Scientists have distinguished a species of jellyfish who are essentially "biologically immortal" after analyzing their DNA and studying what it is that makes them live forever. A recent study determined that the jellyfish, Turritopsis dohrnii, has figured out a way to get around death, which begs the question of how?
According to scientists, this "is the only species able to rejuvenate repeatedly after sexual reproduction, becoming biologically immortal." With this information, scientists are curious if their DNA holds the magic behind living eternally - but that may be jumping a few too many steps forward. Every being of the T. dohrnii species is an identical clone that starts life as a polyp and then develops into a medusa, which is pretty standard. So what makes them stand out?
The T. dohrnii species becomes a "cyst" that turns back into a polyp and restarts from the beginning when the matured medusa gets sick, injured, or just ages. So, instead of dying, the animal is able to replicate and create more clones, and the cycle just continues on and on and on. Scientists are calling it the "life cycle reversal," comparing it to a person who is old and reverts back to a fetus or a chicken to an egg. The scientists behind this study at the University of Oveidas in Spain explain how they were able to solve the eternal mystery by comparing the DNA of the T. dohrnii to another very close relative of the jellyfish species that is incapable of immortality.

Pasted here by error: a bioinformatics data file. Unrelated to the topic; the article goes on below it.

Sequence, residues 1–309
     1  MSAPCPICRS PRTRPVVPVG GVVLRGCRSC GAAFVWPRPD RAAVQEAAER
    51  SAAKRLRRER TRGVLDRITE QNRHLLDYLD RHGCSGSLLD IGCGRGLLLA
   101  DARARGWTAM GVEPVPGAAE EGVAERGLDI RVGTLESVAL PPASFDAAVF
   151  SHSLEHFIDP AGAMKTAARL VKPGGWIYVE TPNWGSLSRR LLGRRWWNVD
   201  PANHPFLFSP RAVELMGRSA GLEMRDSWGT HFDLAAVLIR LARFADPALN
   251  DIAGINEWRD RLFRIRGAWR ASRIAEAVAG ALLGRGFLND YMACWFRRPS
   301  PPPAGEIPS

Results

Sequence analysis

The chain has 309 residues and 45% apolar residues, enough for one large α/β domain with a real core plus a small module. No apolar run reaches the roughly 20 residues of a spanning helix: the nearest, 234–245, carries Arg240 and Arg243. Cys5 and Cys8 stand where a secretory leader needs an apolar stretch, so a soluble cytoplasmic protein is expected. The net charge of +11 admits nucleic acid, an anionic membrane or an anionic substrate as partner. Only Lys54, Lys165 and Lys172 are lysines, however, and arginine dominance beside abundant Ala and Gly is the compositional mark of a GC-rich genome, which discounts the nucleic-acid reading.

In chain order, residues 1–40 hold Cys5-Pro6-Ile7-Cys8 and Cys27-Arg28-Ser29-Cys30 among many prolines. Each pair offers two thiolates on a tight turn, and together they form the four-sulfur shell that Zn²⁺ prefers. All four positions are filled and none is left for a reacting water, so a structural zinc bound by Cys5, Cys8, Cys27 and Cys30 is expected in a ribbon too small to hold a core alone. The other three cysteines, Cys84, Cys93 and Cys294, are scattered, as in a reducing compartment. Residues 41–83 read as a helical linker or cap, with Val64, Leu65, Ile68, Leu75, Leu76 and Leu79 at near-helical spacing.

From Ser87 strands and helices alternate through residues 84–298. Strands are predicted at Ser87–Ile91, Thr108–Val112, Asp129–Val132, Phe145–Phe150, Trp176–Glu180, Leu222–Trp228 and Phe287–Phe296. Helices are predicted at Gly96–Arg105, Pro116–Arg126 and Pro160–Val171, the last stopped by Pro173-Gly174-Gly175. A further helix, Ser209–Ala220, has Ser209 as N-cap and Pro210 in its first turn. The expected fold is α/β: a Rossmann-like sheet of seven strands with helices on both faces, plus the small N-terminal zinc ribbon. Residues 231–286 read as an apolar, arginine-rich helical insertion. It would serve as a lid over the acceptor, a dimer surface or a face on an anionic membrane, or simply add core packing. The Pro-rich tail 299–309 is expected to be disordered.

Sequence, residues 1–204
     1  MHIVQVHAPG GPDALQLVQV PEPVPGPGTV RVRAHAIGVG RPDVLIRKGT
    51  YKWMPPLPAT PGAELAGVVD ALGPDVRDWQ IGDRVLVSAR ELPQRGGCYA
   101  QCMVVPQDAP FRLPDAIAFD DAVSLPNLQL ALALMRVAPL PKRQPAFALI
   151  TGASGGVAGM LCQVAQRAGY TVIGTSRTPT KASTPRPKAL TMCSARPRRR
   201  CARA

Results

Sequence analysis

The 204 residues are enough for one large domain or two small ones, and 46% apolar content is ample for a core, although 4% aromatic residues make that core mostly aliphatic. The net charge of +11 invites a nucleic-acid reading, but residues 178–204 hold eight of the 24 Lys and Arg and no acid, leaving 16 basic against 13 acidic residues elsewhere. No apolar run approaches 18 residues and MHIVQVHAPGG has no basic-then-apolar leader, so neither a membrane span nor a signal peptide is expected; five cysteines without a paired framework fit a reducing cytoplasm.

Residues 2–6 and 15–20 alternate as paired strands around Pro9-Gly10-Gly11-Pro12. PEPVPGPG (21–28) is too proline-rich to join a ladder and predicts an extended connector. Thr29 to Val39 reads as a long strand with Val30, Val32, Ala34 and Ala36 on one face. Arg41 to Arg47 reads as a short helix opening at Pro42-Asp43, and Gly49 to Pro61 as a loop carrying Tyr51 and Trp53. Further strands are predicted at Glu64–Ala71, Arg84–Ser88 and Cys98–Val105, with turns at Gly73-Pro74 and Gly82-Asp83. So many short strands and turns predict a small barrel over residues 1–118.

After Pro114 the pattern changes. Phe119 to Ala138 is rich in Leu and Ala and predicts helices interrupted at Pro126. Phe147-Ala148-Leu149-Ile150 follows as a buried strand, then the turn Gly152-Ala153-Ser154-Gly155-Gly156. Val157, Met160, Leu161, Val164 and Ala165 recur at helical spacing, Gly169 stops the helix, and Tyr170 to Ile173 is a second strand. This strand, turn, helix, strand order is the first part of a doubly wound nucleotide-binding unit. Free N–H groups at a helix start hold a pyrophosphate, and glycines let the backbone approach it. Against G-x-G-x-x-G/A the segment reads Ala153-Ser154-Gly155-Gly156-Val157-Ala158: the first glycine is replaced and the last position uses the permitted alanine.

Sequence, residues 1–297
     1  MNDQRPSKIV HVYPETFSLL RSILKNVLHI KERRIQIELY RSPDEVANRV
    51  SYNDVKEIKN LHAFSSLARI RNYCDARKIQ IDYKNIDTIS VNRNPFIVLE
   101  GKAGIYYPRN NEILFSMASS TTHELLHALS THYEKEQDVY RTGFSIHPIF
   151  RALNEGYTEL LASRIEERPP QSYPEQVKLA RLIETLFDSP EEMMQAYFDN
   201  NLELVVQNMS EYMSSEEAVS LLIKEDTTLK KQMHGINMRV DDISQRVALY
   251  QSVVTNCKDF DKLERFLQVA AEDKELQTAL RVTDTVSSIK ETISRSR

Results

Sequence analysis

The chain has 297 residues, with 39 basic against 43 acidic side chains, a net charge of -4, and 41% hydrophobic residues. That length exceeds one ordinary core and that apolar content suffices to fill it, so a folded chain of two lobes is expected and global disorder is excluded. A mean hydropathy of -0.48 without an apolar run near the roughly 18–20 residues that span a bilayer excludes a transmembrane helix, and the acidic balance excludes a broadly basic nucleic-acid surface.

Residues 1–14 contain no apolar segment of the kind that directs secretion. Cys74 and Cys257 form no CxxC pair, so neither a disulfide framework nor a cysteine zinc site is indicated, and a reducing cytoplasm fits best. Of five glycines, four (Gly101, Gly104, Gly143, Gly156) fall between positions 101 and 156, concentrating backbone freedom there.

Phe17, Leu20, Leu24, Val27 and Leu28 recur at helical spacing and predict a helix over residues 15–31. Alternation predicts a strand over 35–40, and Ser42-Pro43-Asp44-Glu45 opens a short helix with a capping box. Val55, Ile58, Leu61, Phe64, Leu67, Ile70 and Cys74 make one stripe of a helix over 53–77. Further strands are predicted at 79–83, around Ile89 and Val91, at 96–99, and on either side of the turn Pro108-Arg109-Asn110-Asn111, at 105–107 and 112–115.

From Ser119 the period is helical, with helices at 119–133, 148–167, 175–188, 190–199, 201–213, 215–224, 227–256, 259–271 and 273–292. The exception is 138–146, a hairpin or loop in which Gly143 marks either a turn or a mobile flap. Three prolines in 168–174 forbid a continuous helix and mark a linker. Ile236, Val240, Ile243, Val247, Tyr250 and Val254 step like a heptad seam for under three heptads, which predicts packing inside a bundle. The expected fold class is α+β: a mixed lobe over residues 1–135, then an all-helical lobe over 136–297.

In the published study, researchers compared "genes involved in aging and DNA repair, together with the transcriptome [mRNA] analysis of life cycle reversal (LCR) of T. dohrnii," which has now "provided new insights into the molecular mechanisms underlying Turritopsis plasticity, which may contribute to the immortal phenotype of T. dohrnii." So basically, explaining that the T. dohrnii species has a more "effective replicative mechanism(s) and repair systems." In addition to the replicative mechanisms and repair systems, the immortal jellyfish species were found with more genes controlling DNA repair, which also contributes to the longevity of the medusa.